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Claud. And never could maintain his part; but in the force of his will.

Bene. That a woman conceived me, I thank her; that she brought me up, I likewise give her most humble thanks: but that I will have a recheat winded in my forehead, or hang my bugle in an invisible baldrick, all women shall pardon me; because I will not do them the wrong to mistrust any, I will do myself the. right to trust none; and the fine is, for the which I may go the finer, I will live a bachelor.

Pedro. I shall see thee, ere I die, look pale with love.

Bene. With anger, with fickness, or with hunger, my lord, not with love: prove that ever I lose more blood with love, than I will get again with drinking, pick out mine eyes with a balladmaker's pen, and hang me up at the door of a brothel-house for the sign of blind Cupid.

Pedro. Well, if ever thou doft fall from this faith, thou wilt prove a notable argument.

Bene. If I do, hang me in a bottle, like a cat, and shoot at me; and he that hits me, let him be clap'd on the shoulder, and call’d Adam.a

Pedro. Well, as time shall try; in time the savage bull doth bear the yoke.

Bene. The favage bull may, but if ever the sensible Benedick bear it, pluck off the bull's horns, and set them on my forehead, and let me be vilely painted; and in such great letters as they write, Here is good borse to hire, let them signify under my sign, Here you may see Benedick the marry'd man.

Claud. If this fhould ever happen, thou would'st be horn-mad.

Pedro. Nay, if Cupid hath not spent all his quiver in Venice "; thou wilt quake for this shortly.

Bene. I look for an earthquake too then.

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Alluding to one Adam Bell a famous archer of old.. Besides that Venice is as remarkable for freedoms in amorous intrigues as Cyprus was of old, there may be a farther conjeĉture why this expression is here usid: the Italians give to each of their principal cities a particular distinguishing title, as, Roma la santa, Napoli la gentile, Genoua la superba, &c. and among the rest it is, Venetia la ricca, Venice the wealthy: a Jarcasm therefore seems to be here implied that money governs love..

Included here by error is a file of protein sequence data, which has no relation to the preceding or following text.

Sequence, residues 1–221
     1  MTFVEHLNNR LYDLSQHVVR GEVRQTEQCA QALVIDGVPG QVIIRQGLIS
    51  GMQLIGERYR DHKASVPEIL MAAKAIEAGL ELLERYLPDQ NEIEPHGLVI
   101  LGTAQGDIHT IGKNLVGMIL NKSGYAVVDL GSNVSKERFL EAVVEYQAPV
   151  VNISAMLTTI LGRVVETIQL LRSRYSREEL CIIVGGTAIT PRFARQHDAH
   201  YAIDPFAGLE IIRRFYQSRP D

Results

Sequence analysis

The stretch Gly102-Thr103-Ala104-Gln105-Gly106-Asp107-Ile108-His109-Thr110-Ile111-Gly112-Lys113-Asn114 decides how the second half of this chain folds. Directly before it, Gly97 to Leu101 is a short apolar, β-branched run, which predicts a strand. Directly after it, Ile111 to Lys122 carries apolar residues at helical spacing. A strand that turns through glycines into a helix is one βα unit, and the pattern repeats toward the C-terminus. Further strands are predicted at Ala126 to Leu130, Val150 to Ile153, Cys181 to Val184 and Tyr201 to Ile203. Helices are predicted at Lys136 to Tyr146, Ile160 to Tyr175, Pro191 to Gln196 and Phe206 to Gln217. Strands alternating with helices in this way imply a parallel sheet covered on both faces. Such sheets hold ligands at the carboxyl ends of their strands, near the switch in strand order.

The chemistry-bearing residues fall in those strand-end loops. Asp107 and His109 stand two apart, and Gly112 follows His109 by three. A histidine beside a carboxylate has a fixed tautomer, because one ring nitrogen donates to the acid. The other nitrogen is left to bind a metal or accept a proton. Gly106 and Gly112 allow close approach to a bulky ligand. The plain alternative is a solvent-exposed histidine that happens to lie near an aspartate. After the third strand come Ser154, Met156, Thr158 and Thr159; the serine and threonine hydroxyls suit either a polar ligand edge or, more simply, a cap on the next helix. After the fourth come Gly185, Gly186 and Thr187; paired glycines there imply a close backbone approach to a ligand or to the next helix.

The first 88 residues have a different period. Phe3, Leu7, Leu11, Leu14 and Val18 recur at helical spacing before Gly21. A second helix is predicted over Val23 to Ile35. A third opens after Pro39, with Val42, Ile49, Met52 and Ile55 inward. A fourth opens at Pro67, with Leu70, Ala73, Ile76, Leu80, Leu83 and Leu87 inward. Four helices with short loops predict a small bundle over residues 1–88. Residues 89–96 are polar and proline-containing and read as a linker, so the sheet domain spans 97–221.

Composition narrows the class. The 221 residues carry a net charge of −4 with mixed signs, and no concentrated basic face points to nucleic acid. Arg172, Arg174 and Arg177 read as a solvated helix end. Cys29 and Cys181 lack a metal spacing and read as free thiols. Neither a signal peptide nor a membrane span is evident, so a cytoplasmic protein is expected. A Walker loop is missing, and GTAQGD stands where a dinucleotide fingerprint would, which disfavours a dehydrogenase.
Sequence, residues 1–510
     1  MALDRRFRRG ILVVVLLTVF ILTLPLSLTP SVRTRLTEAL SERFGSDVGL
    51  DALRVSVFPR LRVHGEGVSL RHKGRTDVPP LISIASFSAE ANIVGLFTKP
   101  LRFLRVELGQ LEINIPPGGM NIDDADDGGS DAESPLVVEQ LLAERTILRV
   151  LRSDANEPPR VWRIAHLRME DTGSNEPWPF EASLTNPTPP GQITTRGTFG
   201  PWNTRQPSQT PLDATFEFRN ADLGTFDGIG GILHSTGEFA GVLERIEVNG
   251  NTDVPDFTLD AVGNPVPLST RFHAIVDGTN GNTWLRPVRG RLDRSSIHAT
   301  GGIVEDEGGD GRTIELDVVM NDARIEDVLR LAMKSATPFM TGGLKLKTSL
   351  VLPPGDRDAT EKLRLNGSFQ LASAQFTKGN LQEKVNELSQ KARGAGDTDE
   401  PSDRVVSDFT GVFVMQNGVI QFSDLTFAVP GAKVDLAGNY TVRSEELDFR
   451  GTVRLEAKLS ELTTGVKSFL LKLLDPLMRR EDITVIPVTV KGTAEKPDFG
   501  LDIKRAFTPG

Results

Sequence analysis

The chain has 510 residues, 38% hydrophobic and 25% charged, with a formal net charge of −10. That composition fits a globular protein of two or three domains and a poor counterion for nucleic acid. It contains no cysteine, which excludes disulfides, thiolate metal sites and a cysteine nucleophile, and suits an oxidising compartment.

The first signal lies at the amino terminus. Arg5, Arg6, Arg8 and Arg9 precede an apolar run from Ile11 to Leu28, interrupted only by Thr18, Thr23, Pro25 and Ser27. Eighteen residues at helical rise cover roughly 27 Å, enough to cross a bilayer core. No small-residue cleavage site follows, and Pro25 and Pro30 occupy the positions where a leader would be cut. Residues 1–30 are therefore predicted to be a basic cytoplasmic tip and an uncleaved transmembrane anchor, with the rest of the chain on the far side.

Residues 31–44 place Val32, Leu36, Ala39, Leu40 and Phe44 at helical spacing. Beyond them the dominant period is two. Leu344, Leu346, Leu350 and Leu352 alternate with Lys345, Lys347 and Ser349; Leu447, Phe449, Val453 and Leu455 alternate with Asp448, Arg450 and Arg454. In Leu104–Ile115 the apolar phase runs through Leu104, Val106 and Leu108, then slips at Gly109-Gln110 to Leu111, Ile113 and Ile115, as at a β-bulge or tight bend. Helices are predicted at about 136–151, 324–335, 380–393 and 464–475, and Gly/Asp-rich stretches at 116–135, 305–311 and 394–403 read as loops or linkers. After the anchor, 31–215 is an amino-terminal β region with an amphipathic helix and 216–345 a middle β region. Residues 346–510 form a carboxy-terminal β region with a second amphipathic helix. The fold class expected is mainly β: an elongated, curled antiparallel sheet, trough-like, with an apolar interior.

Pedro. Well, you will temporize with the hours: in the mean time, good signior Benedick, repair to Leonato's, commend me to him, and tell him, I will not fail him at supper; for, indeed, he hath made great preparation.

Bene. I have almost matter enough in me for such an embassage, and so I commit youClaud. To the tuition of god. From my house, if I had it, Pedro. The sixth of July, your loving friend, Benedick.

Bene. Nay mock not, mock not; the body of your discourse is sometime guarded with fragments, and the guards are but Nightly basted on neither : ere you flout old ends any further, examine your conscience, and so I leave you.


Claud. My liege, your highness now may do me good.

Pedro. My love is thine to teach, teach it but how,
And thou shalt see how apt it is to learn
Any hard leffon that may do thee good.

Claud. Hath Leonato any son, my lord ?

Pedro. No child but Hero, she's his only heir :
Dost thou affect her, Claudio?

Claud. O, my lord,
When you went onward on this ended action
I look'd upon her with a soldier's eye,
That lik’d, but had a rougher task in hand
Than to drive liking to the name of love;
But now I am return'd, and that war-thoughts
Have left their places vacant; in their rooms
Come thronging soft and delicate desires,
All prompting me how fair young Hero is,
Saying, I lik'd her ere 'I went to wars.

Pedro. Thou wilt be like a lover presently,
And tire the hearer with a book of words :
If thou dost love fair Hero, cherish it,
And I'll break with her: was’t not to this end,


That thou began'ft

' to twist so fine a story?
Claud. How sweetly do you minister toʻlove,
That know love's grief by his complexion !
But left my liking might too sudden seem,
I would have salv'd it with a longer treatise.

Pedro. What need the bridge much broader than the flood!
The fairest plea is the necessity;
Look, what will serve, is fit; 'tis once, thou lovest,
And I will fit thee with the remedy.
I know, we shall have revelling to-night;
I will assume thy part in some disguise,
And tell fair Hero, I am Claudio;
And in her bosom I'll unclasp my heart,
And take her hearing prisoner with the force
And strong encounter of my amorous tale:
Then after to her father will I break,